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An open cell sealing product is one whose cells are not totally enclosed by its walls and are open to the surface either directly, or by interconnecting with other cells.

In a closed cell product, cells are entirely enclosed by its walls and not interconnecting with other cells.

A material’s sealing effectiveness should be based on performance, not just on its open or closed cell structure. This is why it’s important to consult with a materials expert (such as our on-staff pros!) when specifying a sealing product.

Not all cellular materials are comprised of 100% open or 100% closed cells. It’s common to have a blend of open and closed cells. Understanding the advantages and disadvantages of each is important.

Open cell materials typically resist compression set and force relaxation better than closed cell materials, but are not as effective at resisting water absorption in an uncompressed state. However – at a certain level of compression – the small openings in the cell walls of an open cell foam will “close off,” resulting in an effective seal.

Open cells in an uncompressed state can be infiltrated by liquids and gases; not necessarily a bad thing since they usually release that absorbed air or moisture over time. Common applications for open-cell materials include thermal insulation, filters, acoustic absorption, shock and vibration management and cushioning.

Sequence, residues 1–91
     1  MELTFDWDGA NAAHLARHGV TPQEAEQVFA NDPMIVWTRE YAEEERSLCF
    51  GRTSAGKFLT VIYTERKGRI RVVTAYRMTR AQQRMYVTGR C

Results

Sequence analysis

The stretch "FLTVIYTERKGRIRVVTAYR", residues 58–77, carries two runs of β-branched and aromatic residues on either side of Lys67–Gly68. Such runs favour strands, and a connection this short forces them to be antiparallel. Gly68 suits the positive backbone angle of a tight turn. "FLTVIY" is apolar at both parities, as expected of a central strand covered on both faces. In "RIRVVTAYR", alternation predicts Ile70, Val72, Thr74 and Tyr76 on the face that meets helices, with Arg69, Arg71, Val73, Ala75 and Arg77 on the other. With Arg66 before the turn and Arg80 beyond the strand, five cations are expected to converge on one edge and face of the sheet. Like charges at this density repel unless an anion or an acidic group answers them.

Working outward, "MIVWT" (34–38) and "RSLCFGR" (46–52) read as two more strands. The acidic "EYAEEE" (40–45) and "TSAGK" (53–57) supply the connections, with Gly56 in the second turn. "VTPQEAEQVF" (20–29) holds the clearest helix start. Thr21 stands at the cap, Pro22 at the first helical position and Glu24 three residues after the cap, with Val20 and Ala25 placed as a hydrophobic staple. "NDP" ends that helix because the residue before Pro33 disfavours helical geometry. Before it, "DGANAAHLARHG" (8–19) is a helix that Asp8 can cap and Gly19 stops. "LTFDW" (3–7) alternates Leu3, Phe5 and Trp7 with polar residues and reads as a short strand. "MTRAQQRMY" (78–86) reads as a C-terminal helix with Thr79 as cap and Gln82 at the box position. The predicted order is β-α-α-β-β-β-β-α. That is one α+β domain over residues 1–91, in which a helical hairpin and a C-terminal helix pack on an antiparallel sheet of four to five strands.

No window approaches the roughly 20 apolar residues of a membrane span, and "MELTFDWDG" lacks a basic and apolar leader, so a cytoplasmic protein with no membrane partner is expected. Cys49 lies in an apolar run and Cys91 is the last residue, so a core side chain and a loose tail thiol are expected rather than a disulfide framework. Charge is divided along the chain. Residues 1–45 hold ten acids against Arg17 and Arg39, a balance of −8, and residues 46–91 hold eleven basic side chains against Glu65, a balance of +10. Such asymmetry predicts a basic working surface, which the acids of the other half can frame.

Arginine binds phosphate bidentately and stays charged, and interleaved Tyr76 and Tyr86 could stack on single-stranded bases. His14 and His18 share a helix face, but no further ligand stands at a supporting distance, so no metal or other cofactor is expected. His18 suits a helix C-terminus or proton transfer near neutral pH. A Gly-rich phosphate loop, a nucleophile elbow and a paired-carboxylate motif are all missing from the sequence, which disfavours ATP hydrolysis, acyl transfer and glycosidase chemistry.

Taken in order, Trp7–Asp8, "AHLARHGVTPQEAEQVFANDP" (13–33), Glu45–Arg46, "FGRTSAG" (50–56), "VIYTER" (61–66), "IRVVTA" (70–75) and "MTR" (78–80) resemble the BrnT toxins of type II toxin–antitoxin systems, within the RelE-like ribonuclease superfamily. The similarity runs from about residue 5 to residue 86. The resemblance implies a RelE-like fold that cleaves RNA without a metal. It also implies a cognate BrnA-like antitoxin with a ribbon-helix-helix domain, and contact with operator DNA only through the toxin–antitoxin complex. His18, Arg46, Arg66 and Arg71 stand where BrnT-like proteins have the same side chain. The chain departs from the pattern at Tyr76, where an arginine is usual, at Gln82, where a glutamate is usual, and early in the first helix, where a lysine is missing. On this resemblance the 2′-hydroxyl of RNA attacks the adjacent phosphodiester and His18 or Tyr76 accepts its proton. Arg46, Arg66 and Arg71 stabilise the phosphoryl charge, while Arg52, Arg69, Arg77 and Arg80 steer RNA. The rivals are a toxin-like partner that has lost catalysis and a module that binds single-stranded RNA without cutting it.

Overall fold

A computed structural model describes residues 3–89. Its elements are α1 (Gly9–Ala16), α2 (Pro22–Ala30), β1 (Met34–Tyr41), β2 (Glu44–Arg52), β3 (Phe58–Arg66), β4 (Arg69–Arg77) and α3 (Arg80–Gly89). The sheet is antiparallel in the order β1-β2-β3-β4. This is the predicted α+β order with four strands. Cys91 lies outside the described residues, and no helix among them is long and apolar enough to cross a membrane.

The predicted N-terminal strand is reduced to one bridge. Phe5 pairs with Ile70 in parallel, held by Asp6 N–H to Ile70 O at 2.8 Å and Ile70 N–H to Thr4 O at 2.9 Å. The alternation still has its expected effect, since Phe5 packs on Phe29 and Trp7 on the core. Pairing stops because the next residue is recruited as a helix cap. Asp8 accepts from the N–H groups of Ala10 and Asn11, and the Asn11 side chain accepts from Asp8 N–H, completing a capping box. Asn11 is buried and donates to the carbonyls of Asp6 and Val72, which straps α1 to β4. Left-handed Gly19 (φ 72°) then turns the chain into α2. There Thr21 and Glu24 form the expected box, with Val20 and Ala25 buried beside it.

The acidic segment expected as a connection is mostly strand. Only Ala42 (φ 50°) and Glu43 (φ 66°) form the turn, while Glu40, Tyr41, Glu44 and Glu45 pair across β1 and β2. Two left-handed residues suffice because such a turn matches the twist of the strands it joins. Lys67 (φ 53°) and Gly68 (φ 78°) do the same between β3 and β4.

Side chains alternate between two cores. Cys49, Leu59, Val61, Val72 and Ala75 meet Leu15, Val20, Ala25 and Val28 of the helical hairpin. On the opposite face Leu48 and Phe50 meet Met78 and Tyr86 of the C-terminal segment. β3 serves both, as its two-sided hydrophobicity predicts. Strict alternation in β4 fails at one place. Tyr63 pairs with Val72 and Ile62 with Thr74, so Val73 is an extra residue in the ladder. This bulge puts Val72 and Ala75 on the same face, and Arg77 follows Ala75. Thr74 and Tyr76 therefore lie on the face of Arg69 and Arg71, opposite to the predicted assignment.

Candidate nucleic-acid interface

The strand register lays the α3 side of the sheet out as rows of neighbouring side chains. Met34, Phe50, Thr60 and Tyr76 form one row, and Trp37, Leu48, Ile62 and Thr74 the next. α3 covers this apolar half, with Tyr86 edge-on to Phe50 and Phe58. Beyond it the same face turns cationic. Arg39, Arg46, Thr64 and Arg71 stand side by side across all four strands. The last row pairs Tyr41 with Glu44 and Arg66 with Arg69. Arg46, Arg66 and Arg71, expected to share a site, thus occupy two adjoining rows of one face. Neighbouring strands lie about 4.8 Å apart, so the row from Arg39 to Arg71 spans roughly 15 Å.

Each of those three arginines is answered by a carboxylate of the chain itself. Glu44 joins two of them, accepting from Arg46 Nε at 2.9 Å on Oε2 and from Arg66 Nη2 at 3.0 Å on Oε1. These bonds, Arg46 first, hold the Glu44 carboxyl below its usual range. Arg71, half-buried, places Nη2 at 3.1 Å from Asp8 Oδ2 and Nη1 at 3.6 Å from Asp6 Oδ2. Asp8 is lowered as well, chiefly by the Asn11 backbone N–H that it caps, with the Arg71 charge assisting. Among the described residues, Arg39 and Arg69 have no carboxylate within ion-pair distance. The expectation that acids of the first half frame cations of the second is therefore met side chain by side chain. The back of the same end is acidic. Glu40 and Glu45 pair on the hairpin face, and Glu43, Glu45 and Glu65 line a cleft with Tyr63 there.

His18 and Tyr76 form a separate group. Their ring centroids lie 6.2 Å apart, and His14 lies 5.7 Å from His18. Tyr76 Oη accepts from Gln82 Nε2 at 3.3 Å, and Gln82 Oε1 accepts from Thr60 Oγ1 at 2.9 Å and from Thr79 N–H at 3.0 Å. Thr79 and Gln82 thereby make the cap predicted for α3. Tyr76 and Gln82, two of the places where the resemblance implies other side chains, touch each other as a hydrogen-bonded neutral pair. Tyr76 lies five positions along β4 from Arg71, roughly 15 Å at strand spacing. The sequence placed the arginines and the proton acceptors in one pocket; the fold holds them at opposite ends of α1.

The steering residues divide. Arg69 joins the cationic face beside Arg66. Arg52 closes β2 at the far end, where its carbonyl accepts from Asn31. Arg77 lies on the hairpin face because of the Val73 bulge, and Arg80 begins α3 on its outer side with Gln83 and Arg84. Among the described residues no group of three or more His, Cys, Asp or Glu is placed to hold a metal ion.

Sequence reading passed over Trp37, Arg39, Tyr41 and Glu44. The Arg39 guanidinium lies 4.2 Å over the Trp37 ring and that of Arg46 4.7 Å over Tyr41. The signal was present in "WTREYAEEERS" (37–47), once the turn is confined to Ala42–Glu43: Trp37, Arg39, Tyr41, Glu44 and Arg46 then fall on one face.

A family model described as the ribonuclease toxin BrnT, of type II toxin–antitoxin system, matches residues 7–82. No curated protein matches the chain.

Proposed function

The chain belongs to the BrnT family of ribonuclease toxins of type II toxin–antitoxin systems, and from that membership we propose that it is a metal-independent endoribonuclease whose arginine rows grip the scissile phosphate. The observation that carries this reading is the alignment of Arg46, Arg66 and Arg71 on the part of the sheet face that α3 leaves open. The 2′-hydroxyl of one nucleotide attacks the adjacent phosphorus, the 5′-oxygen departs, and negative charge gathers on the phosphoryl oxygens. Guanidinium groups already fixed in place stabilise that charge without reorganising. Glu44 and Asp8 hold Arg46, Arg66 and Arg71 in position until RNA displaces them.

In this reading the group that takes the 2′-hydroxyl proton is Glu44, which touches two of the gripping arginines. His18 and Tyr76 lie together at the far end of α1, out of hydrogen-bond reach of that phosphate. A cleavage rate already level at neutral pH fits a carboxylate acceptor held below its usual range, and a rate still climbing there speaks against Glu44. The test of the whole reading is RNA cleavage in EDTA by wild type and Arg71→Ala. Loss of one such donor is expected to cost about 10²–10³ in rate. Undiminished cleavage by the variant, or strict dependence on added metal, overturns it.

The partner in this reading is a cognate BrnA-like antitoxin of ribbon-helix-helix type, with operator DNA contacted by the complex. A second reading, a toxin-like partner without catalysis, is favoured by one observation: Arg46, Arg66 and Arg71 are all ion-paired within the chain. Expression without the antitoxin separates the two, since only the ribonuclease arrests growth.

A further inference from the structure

Closed cells in an uncompressed state contain pockets of gas enclosed in an elastomeric “shell.”

Common applications for closed cell materials include floats requiring good buoyancy and water resistant crafts.

When it comes to liquid or gas absorption, cell structure plays an important role. The cell voids in an open cell material can vary significantly. Open cell foams can be reticulated, meaning there are more open voids than wall structures, giving the appearance of cell striations. Even under compression, the reticulated structure will not “close off” unless compressed to a solid mass. PORON Urethane and BISCO Silicone cell voids will “close off” at lower levels of compression, resulting in a seal while the material is still in a fairly low range of compression force deflection.

Choosing the right cell structure requires some homework. Luckily, our materials experts are here to help you every step of the way.

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